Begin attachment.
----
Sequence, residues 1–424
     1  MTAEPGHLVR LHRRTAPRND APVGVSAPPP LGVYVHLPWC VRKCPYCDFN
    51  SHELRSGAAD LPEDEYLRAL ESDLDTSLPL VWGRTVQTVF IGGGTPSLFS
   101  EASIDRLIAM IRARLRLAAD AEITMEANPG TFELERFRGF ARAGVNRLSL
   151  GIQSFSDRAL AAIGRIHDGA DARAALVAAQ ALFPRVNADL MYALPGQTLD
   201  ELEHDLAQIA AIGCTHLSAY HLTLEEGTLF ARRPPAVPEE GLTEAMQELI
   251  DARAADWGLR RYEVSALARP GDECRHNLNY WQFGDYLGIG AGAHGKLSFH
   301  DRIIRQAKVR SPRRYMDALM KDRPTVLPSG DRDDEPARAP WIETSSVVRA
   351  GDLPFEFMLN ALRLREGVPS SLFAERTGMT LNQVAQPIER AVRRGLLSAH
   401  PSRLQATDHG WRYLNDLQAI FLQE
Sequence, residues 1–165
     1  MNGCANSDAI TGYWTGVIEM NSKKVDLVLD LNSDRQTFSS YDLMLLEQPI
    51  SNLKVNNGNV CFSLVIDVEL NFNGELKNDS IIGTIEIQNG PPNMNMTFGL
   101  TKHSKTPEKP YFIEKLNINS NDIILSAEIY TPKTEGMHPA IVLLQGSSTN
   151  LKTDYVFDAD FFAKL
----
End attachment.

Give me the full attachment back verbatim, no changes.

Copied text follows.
Sequence, residues 1–424
     1  MTAEPGHLVR LHRRTAPRND APVGVSAPPP LGVYVHLPWC VRKCPYCDFN
    51  SHELRSGAAD LPEDEYLRAL ESDLDTSLPL VWGRTVQTVF IGGGTPSLFS
   101  EASIDRLIAM IRARLRLAAD AEITMEANPG TFELERFRGF ARAGVNRLSL
   151  GIQSFSDRAL AAIGRIHDGA DARAALVAAQ ALFPRVNADL MYALPGQTLD
   201  ELEHDLAQIA AIGCTHLSAY HLTLEEGTLF ARRPPAVPEE GLTEAMQELI
   251  DARAADWGLR RYEVSALARP GDECRHNLNY WQFGDYLGIG AGAHGKLSFH
   301  DRIIRQAKVR SPRRYMDALM KDRPTVLPSG DRDDEPARAP WIETSSVVRA
   351  GDLPFEFMLN ALRLREGVPS SLFAERTGMT LNQVAQPIER AVRRGLLSAH
   401  PSRLQATDHG WRYLNDLQAI FLQE
Sequence, residues 1–165
     1  MNGCANSDAI TGYWTGVIEM NSKKVDLVLD LNSDRQTFSS YDLMLLEQPI
    51  SNLKVNNGNV CFSLVIDVEL NFNGELKNDS IIGTIEIQNG PPNMNMTFGL
   101  TKHSKTPEKP YFIEKLNINS NDIILSAEIY TPKTEGMHPA IVLLQGSSTN
   151  LKTDYVFDAD FFAKL